From opera on headphones to opera on wheels: The next work from Yuval Sharon and the Industry will unfold in 18 cars cruising downtown L.A., Boyle Heights and the Arts District.
The 4-year-old opera company drew attention last year when it staged “Invisible Cities” at Union Station, which took place amid the real-life hustle and bustle of the historic building. Audience members heard the score through wireless headphones as they walked around, interacting with passengers and actors.
“Hopscotch: A Mobile Opera for 18 cars” will open in the fall of 2015, Sharon said.
“Invisible Cities” received four nominations this week for the LA Stage Alliance’s Ovation Awards.
Sharon said he remembers how nervous he and collaborator Jason H. Thompson were about that groundbreaking show before it opened.
“It looked so hard and I thought we weren’t going to be able to pull it off,” says Sharon. “So what could possibly be harder than ‘Invisible Cities,’ that will make ‘Invisible Cities’ look easy?”
Their answer? “Hopscotch.”
The show will take place inside 18 cars as they drive around designated routes in Los Angeles. A different 10-minute scene will take place in each car, but related to the same story, which traces the lives of its characters through their 20s, 40s and 60s.
The plot will also be fueled by a disappearance, so there is a bit of mystery involved.
Audience members can buy tickets to ride in individual cars. They will know only where they will be picked up, not where they are going. The cars will drive past other performers on the streets and what the audience members see in each car will be beamed back to a central “hub” in a parking lot at downtown L.A.'s SCI-Arc campus.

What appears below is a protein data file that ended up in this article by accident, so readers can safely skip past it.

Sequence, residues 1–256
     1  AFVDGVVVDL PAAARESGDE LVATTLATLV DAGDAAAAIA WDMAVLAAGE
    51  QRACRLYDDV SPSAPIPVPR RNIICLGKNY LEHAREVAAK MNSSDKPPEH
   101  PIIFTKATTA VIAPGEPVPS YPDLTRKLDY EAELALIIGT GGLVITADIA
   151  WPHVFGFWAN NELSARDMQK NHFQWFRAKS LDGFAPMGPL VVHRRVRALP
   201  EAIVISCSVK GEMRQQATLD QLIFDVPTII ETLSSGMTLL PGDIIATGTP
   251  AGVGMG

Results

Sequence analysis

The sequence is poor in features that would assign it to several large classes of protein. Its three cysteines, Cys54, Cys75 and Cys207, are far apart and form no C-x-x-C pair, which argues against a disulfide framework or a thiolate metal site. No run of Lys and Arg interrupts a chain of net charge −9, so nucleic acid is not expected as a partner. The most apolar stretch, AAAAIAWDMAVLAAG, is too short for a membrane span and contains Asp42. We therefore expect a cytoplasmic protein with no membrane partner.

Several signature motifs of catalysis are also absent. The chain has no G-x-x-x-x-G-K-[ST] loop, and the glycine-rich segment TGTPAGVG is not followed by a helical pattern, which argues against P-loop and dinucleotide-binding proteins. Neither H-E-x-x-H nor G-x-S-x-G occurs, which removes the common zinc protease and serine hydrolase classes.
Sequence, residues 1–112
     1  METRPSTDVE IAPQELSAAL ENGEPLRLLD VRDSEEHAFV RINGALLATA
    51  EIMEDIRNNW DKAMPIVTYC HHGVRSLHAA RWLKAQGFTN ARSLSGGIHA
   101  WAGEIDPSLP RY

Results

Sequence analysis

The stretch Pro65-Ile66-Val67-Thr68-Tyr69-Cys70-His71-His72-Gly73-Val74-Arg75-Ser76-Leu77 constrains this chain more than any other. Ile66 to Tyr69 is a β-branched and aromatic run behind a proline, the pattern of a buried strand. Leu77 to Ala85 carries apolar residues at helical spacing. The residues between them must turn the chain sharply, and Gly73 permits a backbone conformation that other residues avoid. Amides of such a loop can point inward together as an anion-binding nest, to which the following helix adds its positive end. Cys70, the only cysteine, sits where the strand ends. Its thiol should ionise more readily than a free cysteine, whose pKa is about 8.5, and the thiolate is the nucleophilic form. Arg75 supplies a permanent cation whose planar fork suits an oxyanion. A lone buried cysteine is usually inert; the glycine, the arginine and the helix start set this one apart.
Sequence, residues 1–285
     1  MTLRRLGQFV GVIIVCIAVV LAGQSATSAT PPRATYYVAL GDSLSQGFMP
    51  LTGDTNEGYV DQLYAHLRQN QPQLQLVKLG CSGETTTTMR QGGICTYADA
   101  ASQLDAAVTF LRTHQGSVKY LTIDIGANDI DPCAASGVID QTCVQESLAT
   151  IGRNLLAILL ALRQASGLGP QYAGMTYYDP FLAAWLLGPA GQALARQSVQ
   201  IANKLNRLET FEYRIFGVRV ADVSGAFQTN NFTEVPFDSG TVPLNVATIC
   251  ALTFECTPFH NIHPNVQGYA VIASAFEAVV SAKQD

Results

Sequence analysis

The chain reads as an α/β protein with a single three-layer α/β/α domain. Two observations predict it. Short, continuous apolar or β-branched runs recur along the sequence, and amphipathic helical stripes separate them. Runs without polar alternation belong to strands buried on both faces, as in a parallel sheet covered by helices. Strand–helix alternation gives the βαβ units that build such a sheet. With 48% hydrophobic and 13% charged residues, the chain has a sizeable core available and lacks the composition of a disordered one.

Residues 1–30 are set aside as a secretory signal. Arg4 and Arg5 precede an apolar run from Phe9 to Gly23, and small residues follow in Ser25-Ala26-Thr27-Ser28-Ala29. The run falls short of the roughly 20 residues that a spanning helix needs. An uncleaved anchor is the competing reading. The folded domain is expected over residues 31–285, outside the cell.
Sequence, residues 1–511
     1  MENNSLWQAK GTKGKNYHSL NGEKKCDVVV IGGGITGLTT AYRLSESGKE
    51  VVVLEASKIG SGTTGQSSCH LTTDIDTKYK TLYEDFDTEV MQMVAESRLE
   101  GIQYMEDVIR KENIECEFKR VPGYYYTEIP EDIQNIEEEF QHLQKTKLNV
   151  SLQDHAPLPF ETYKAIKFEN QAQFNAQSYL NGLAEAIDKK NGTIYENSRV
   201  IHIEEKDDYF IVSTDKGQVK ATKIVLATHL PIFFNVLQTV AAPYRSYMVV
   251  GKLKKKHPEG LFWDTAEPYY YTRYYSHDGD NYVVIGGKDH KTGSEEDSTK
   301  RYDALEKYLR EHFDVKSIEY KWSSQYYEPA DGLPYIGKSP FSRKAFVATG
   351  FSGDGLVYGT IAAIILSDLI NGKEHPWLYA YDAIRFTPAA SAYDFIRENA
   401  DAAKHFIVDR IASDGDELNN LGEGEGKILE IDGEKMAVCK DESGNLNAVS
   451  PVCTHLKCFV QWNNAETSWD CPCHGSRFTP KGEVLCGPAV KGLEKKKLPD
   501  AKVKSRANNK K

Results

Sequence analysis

Audience members at the hub will watch a live stream of what’s happening in all 18 cars. The show will culminate (if Sharon can pull off the technical aspects of it) when all the cars converge with the audience members at the hub, which will be its own architectural space with its own aesthetic values.
Actors will be riding in some cars and musicians in others. In some cases the music in the cars will come through the car stereos. The cars will also occasionally stop at certain sites where other performances are taking place.
Sharon is excited that it’s a “mash-up” of artistic disciplines, which is something he has always strived to achieve with the Industry.
“We want to stretch the idea of the typical classification of theatrical and music-driven work,” says Sharon.
If he succeeds, “Hopscotch” will certainly do that. By using art to illuminate the internal life within a car versus the external life of the city, audiences will be invited to take a closer look at the scenery.
“Sometimes it’s about the car, sometimes it’s about the journey,” says Sharon. “It’s about how to go beyond the isolation of individual car rides and about noticing our city streets as we shuttle to our destinations.”
In order to create the most holistic L.A. driving experience, Sharon is employing six writers and six composers, all L.A.-based and already working together. The composers are Veronika Krausas, Marc Lowenstein, Andrew McIntosh, Andrew Norman, Ellen Reid, and David Rosenboom.
“I want people to have that L.A. experience of moving through the city and knowing what that’s like,” says Sharon.
Traffic is of course a huge part of that experience and Sharon has given that tricky subject quite a bit of thought. The opera will only take place on Saturdays and Sundays for a month or two in the fall, along routes where traffic patterns are highly predictable.
The show will also address another of L.A.’s most persistent complaints about itself.
“L.A. is often blasted as a city that has no center,” says Sharon. “And in many ways, what is going to feel good is actually building a central hub that ties all of the car journeys together. I think that’s going to have enormous significance to the people that are there.”
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